On three consecutive nights at HAU2, a rich programme of performances and lectures will explore the life and legacy of choreographer, electronic music composer, improviser, dance therapist, and pedagogue Ernest Berk. Berk’s innovative, multifarious career spanned six decades and reflected deep involvement in leftist politics and devoted interest in non-Western aesthetics.
As with so many artists of the time, Berk’s life and work were inextricably linked to and fundamentally shaped by the turbulent political climate: the Nazi suppression of leftist and Jewish intellectuals led to the exile of Berk and his wife Lotte Heymansohn (also a dancer, and Jewish) to Great Britain in the 1930s after Lotte was banned from performing in Germany and after both were blacklisted by the Nazis. Berk opened a studio in Camden, London and began dedicating himself more seriously to the composition of electronic music and musique concrète, at first mainly for his own performances but then also for theatre, television, and film. His synthesis of musique concrète and movement made him one of the most visionary in a wave of pioneering electronic music composers. He also continued to develop an individualised style of dance rooted in ideas of social reform and freedom of expression. It wasn’t until the 1980s that Berk would return to Germany – this time to Berlin, where he began teaching music therapy and improvisation at both the performing arts and music departments at the Arts university, Hochschule der Künste (now Universität der Künste).
Despite far-reaching influence within music and dance scenes during his lifetime, Berk never truly achieved lasting recognition; his legacy as a composer, performer, and pedagogue has all but slipped out of the public consciousness. Like many persecuted artists who fled Germany for the UK, his career was greatly disrupted by the transition to a drastically different creative scene. Although widely embraced in his new country, he was never truly appreciated for what he accomplished. When he died in Berlin in 1993, he was destitute – his position at the UdK had ended because of internal restructuring. In this festival edition with its focus on Turmoil, we turn to Berk’s inspiring example as a witness to and survivor of great social and political unrest. We also celebrate his unique and life-affirming response to that unrest.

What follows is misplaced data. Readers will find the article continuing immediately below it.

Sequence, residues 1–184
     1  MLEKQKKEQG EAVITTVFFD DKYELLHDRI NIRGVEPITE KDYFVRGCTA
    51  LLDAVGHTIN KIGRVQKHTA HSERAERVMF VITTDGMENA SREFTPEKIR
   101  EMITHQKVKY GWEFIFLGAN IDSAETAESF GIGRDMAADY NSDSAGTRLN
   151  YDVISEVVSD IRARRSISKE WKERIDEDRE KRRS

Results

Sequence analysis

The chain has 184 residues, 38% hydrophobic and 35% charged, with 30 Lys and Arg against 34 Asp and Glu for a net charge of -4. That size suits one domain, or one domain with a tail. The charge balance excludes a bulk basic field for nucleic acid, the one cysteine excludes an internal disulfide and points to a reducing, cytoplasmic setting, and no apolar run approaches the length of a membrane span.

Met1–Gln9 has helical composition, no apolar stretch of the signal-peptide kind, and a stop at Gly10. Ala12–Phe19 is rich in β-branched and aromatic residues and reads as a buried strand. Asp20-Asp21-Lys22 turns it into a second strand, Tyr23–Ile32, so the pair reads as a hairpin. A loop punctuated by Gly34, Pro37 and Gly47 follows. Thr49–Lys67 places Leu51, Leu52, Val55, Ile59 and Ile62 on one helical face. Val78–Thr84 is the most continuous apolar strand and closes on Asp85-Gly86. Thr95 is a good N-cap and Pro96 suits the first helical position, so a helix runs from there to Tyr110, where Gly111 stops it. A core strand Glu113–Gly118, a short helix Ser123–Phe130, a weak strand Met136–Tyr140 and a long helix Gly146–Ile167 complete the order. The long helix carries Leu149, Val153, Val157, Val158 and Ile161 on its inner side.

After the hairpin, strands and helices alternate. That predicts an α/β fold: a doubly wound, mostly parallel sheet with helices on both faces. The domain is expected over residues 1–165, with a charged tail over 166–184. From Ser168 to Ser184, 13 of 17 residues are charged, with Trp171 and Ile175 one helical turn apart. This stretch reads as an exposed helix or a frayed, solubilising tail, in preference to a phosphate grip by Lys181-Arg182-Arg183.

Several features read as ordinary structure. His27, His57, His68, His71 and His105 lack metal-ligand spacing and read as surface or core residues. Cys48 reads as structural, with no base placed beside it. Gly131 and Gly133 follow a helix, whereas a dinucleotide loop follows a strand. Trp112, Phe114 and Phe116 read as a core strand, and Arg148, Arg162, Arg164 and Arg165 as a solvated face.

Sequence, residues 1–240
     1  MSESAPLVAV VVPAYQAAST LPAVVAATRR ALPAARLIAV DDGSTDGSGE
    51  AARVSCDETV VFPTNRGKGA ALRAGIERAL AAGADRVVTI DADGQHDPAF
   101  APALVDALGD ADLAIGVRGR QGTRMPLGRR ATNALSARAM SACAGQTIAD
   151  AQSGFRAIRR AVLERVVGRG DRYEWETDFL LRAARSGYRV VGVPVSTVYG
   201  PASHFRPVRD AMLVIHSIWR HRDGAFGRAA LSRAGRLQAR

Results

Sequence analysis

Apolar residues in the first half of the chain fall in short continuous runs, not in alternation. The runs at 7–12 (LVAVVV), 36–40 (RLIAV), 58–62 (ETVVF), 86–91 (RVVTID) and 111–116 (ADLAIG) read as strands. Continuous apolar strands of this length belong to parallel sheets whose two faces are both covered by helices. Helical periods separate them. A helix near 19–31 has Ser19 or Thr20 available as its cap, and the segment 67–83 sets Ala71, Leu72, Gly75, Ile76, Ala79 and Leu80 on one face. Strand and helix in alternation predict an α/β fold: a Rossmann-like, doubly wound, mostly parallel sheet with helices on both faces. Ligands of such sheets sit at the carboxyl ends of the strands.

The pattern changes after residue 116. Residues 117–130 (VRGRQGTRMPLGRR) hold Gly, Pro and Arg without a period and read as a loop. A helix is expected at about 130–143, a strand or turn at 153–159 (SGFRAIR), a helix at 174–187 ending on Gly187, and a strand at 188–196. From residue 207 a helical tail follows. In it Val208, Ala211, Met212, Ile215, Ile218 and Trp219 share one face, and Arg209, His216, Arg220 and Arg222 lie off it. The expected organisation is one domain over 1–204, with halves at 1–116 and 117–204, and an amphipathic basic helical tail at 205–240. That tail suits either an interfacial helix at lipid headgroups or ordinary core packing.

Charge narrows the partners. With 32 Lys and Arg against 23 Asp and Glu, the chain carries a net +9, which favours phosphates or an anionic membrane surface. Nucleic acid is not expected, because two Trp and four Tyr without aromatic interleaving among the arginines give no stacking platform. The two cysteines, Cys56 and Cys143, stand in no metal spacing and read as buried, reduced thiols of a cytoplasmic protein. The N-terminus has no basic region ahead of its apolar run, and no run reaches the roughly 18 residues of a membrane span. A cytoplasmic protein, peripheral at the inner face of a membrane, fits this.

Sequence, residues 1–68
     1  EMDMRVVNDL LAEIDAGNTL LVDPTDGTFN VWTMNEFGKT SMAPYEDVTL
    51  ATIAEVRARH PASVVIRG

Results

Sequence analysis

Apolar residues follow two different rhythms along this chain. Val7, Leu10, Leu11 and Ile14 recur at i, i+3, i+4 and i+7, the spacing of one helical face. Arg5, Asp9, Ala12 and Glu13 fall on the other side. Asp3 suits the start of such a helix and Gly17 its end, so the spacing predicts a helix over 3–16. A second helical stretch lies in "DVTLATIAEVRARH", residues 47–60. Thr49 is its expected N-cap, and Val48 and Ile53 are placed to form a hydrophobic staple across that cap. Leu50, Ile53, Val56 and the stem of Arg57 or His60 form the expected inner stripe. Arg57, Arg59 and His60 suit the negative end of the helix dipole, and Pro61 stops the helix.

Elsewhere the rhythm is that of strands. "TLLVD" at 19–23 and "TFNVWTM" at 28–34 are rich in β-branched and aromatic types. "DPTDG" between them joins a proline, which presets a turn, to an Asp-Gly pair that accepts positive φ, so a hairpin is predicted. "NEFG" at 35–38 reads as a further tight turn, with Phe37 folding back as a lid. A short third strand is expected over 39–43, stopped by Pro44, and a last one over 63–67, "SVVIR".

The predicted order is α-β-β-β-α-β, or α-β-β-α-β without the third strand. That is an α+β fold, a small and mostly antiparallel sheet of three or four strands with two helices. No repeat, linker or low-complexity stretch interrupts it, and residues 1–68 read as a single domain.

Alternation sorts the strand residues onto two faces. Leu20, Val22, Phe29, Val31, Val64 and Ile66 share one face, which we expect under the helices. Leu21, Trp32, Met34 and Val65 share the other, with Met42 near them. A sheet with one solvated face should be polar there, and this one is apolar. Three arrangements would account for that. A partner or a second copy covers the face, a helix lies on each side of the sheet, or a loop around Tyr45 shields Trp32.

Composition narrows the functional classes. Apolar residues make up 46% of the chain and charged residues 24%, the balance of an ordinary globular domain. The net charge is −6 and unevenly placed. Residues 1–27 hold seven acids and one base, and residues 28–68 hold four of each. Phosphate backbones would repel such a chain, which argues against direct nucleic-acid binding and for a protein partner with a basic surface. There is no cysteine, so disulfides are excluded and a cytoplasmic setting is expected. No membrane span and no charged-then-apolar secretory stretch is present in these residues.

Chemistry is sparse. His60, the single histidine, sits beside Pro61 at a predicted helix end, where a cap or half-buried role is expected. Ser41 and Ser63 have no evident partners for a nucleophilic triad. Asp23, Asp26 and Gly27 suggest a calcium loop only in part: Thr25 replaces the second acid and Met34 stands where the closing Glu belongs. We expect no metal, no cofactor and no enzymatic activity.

In “The Complete Expressionist”, the celebrated and versatile Berlin choreographer Christoph Winkler will oversee the long-overdue reconstruction of Ernest Berk’s dance pieces and the performance of selected musical compositions as live tape concerts. Ten dancers, including Martin Hansen, Lois Alexander, Emma Daniel, Sarina Egan-Sitinjak, and Julia B. Laperrière, as well as Berlin-based experimental musicians groupA, Rashad Becker, and Pan Daijing will reinterpret various pieces from Berk’s extensive body of work, all of which explore the interplay between dance and music. Whereas some performances strive to provide accurate reconstructions of original pieces, others will reference the originals through performativity or feature new compositions that pay tribute to Berk through adherence to his texts about performance. The evening, which resembles programme cycles typical of the 1960s and 70s in its eclectic collaging of short works, includes solo dances, duets, and group pieces both pre-composed and improvised. A lifelong believer in and practitioner of nudism, in the 1970s Berk regularly hosted “trance dance sessions” at his studio in which he improvised repetitive electronic rhythms and dancers moved, naked, in repetitive gestures. These sessions will be reenacted via two pieces, and group A will provide the live soundtrack using samples of Berk’s original rhythmic patterns. In collaboration with Pan Daijing, Rashad Becker will use fragments from Berk’s original material but also present new material inspired by Berk’s working methods, musical structures, and textual instructions.
A short BBC film clip about Berk, select video art pieces, and talks by British experimental musician Ian Helliwell and theatre and dance researcher Patrick Primavesi will round out the presentations. Listening stations featuring Berk’s numerous compositions will also be installed in the HAU2 foyer.
The project is funded by TANZFONDS ERBE – an Initiative by the German Federal Cultural Foundation.